January 31, 2017
Grandparent’s Day Mass at St. Therese Carmelite School
By Fr. Philip Sullivan, O.C.D.
Recently, I taught the Fifth Grade religion class. The subject was the Eucharist. While it is impossible to cover this subject in the short time allotted, I chose to speak about the Jewish Passover Meal and its continued influence on the celebration of the Eucharist in Mass today.
Did you know the Sanctus or the “Holy, Holy” that we sing at every Mass was already part of the annual Passover Liturgy 110 years before the birth of Jesus Christ? Did you know the expression, “the Lord be with you,” is a Jewish greeting that was said in the Passover Meal? Did you know that the prayer, “We lift up our hearts to the Lord,” was also part of the Jewish celebration of Passover?
Jesus said at the Passover, “Do this is memory of me.” We continue to say these words in remembrance of the Lord’s LIFE, DEATH, AND RESURRECTION. The word for this special kind of remembering is Anamnesis. It may seem a little technical and serious but anamnesis is an important word to know. It means to remember with purpose…like putting up Christmas trees the same way in the same place with the same special ornaments year after year. Anamnesis is like returning to the same restaurant each year for an anniversary and ordering the same food you ordered on the day of your proposal. Anamnesis is remembering all the events surrounding our Lord at the Mass.
At Mass we remember God’s Passover, Our Lord’s Last Supper, Jesus’ betrayal, His Calvary, His Cross, His Sacrifice, His tomb, and Our Lord’s Resurrection from the dead. When we do this in memory of Him, we call to mind the entire history of God’s Love for us–fulfilled in Christ and celebrated within the Holy Mass.
Every year at St. Therese School, we honor our grandparents at a School Mass. We honor and share a deposit of history that is particularly theirs and ours. We honor traditions that are passed on, a living memory that our venerable grandparents share with us in special celebrations and family gatherings. We listen with reverence and awe as they tell and retell their stories. Grandparents tell many stories that are mysterious, albeit sometimes boring, because we don’t know their history like they do. They tell us about wars we never knew, hardships that bring us to tears, and accomplishments that are unbelievable. Grandparents even let us taste a living history in their cooking–these secret recipes that only they know and someday they will hand on to us!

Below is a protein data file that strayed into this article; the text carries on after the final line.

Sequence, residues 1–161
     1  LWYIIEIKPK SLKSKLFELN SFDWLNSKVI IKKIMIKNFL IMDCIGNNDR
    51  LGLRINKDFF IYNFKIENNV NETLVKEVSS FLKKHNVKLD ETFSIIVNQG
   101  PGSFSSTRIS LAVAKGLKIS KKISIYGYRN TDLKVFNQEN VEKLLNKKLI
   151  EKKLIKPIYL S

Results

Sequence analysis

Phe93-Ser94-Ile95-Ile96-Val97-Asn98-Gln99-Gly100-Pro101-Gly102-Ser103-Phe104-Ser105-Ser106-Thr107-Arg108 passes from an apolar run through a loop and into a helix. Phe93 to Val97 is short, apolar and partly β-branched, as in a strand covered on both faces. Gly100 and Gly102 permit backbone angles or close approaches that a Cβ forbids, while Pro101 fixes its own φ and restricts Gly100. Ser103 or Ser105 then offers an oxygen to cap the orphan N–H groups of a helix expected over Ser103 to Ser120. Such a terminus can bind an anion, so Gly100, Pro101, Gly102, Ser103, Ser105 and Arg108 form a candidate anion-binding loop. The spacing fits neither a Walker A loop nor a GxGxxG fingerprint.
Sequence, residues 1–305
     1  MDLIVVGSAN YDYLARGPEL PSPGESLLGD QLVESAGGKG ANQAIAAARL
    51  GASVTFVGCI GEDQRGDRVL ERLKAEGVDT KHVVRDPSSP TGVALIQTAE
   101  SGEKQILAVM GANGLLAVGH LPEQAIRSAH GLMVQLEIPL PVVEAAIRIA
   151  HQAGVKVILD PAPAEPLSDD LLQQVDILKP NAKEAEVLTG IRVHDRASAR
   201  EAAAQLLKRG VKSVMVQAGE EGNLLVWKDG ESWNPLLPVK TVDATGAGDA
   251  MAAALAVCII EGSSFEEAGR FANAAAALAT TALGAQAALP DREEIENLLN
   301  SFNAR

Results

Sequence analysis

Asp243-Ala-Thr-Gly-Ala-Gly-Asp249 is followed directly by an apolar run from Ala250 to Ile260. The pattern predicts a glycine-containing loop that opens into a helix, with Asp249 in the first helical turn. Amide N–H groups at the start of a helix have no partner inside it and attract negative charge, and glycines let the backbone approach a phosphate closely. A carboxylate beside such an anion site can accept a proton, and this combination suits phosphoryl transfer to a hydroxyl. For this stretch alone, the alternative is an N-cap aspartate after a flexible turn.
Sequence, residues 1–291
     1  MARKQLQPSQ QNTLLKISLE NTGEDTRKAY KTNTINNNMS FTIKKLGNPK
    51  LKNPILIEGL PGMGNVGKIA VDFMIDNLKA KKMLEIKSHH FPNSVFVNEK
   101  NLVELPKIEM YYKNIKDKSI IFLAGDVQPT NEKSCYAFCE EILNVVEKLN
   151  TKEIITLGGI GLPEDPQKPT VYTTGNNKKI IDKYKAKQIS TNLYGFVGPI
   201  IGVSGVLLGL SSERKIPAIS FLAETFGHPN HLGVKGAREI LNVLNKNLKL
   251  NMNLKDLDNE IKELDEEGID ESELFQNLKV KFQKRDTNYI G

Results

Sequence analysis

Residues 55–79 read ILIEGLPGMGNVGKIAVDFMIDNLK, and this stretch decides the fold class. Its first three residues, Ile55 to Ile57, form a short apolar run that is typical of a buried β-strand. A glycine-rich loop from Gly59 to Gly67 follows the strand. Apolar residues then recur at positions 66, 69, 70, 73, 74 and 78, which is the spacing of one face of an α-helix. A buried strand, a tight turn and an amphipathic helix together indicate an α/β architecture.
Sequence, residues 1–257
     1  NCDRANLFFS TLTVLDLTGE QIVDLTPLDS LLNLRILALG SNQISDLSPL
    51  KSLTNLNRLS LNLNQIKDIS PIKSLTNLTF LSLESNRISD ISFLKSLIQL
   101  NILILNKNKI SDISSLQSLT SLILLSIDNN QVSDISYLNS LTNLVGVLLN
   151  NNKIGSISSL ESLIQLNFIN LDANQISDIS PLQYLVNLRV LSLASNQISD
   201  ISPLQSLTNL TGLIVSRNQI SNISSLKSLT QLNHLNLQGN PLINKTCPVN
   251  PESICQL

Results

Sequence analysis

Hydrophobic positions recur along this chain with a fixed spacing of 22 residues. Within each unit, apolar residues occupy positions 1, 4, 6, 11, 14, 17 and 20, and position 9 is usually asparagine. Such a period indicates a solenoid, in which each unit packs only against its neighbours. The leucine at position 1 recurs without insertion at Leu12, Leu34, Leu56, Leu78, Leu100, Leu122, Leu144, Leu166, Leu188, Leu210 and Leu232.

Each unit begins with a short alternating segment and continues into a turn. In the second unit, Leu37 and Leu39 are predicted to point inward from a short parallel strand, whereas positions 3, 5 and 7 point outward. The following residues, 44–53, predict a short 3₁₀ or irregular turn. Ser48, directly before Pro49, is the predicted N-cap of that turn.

How many times have you heard a certain story about a certain person or an event that happened a long time ago and gets retold over and over and over? This is ANAMNESIS! It is living memory with action, meaning, and purpose. By honoring our Grandparents, we are celebrating their living history, us!
Grandparents are so important in the Catholic Church that we even have a special memorial of St. Joachim and St. Anne, the grandparents of Jesus. We seldom think about Jesus having grandparents, but it is a wonderful and fruitful thing to meditate upon—because it tells us that the way we are saved is by means of family.
It is family that brings memory together at the dinner table; it is family that helps us understand why we do what we do and who’s who in our own personal story. It is family that carefully preserves with reverence the memory and history and, yes, family celebrates a kind of liturgy in the home during the holidays.
Recently, I went to a parishioner’s home to bless the family home. I heard their stories and shared a meal with them and thus entered into their living memory. While I was blessing their home, going from room to room, I came upon a very old statue of the Virgin of Guadalupe. It came from Mexico and originally belonged to the grandmother’s grandmother! By studying the age of the statue, the faded paint, the small chip in her mantle, I could see and study in this statue history and memory. I could feel the love Mary received by those who venerated this statue and passed it on to one generation after another. It was enshrined in a glass case and mounted on the wall to be seen by all and to be protected from curious little hands. This statue told a story about the family I came to visit.
Like this statue, the Holy Mass has memory, meaning, purpose, and history, and continues to tell the story of God’s love for us passed down from one generation to the next. We protect what we love and we carefully preserve memory by handing it on from generation to generation. This is how we enter into Anamnesis at Mass, living memory with action. This is God’s story and we are God’s family. We attentively sit at His table, listening and responding as our Lord tells us about His father’s love for humanity: “Do this in Memory of ME!”
We are God’s family and so we belong to a huge family with thousands of years of history and a fathomless memory that belongs to God our Father. This family is most realized and celebrated when we come together at table–not only the tables at our homes but also at the Lord’s Table, the Altar.